It is also high time that we face reality as it truly is. Overcrowding at CCF is our reality, as Maltese. A harsh one that we do not think about enough. On the 27th November 2020, the Maltese prison reached the highest number of residents there ever was in this facility – 908 residents. Each of these residents costs the state €90.00 daily – a sum which can be easily avoided should alternative punishments to imprisonment, as is Electronic Monitoring, be introduced. This is not about money. Or overcrowding per se. It is about Reform. Rehabilitation. And Crime Prevention. These cannot be achieved in an environment so tedious and stressed out merely due to space restrictions. Sure, we can build a new facility – but isn’t that a short-term problem solver? Rather, we should attack the matter to the core – and prevent crime from even taking place in the first place. Rehabilitation does that. Reformation of prisoners does that. It prevents crime. It prevents second-time offenders. Let that be our focus towards a reality less punitive, less crowded and more correctional.

Having said all this, I do have questions and recommendations for this White Paper. As should all of us as responsible and involved citizens.

Firstly – Schedule II of this White Paper proposes that those persons found guilty of not paying maintenance should not have the possibility of Electronic Monitoring. My first instinct would be to fully agree with such a proposition. But I cannot. We are taught that the law, the courts and each and every authority must keep at the crux of every matter – the best interest of a child. How is placing a parent in prison for not paying maintenance keeping the best interest of a child in mind? Mind you – this does not mean that whoever fails to pay maintenance should go unpunished. Absolutely not. However, placing a parent in prison will not solve anything for that child. Nothing at all. Electronic Monitoring would still be a deterrent, and this way, the parent who continuously avoids his or her responsibility to pay such maintenance, cannot use being in prison as an excuse not to pay. Thus, Electronic Monitoring should in actual fact be removed from Schedule II of this proposed Act.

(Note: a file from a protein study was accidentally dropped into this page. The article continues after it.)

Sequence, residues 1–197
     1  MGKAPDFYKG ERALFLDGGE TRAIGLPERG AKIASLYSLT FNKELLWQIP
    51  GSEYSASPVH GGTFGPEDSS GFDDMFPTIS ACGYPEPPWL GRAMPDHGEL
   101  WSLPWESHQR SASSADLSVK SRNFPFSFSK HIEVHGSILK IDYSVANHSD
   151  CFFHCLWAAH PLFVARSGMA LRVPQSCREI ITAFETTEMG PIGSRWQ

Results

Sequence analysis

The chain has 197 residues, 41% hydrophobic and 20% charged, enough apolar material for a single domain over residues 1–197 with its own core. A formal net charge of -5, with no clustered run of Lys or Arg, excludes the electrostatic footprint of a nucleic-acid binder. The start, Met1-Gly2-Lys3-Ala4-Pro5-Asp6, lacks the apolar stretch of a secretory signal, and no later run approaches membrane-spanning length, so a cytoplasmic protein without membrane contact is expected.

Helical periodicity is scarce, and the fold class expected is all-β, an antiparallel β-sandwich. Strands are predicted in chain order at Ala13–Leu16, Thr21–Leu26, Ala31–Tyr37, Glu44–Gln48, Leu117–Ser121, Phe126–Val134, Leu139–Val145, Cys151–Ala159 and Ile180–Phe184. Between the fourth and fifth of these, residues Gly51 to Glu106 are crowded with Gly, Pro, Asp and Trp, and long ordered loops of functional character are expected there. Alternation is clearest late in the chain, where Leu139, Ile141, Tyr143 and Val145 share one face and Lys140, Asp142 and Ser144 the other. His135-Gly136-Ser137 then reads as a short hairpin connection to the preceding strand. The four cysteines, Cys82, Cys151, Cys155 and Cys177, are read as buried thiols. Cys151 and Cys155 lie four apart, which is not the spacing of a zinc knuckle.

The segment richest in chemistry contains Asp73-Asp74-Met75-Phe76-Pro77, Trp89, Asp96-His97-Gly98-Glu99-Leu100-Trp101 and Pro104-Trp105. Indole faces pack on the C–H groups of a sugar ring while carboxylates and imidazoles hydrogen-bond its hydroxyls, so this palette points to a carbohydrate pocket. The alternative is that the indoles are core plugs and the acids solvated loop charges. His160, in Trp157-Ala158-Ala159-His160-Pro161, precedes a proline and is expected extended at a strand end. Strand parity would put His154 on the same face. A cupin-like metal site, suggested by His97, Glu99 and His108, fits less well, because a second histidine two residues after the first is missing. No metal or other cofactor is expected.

Secondly – When it comes to potential breaches of an Electronic Monitoring Order, the law remains unclear. The proposed law provides a list of potential breaches by way of example however indicates that there may be further breaches which can also be deemed as such. In light of this – IF the Order is revoked, will there be the right to Appeal from such a decision? To the Courts, the Parole Board or the Prison officials? Will there be any time limit for such appeal to be lodged?

Thirdly – Who will contribute to the costs of Electronic Monitoring? Will it be the state in all cases? Or will the person wearing such monitor have to contribute to costs? What happens should the person in question not be able to afford this monitor? This question arises after research made regarding the modes in which costs are borne beyond our shores, in other jurisdictions. (See countries such as Belgium, UK and Wales, South Korea and the Netherlands).

Fourthly – Article 4(1) of the proposed Regulations (LN XX of 2021) states that should the authorities, upon suspicion of breach, fail to reach/contact the person serving a Monitoring Order within 10 minutes of attempts, the authorities reserve the right to arrest him or her immediately. Such a provision, as specific and authoritative, may prove controversial and time consuming – for nothing. Ten minutes is, in my view, too little to determine the arrest of a person there and then. This will lead to multiple failed or missed calls resulting in unnecessary arrests. Thus, these ten minutes should be reviewed and amended accordingly.

I look forward to the implementation of a system which, if administered properly and used beneficially, can change the local criminal justice system completely. As has happened in all jurisdictions that attempted this radical change.

Who knows? Perhaps in the near future, this system can be implemented and embedded into our Bail laws, Probation Orders, Suspended Sentences and House Arrests. After all, 33.9% of our residents currently at CCF are in fact pre-trial detainees and the Presumption of Innocence is still very much a thing – thankfully!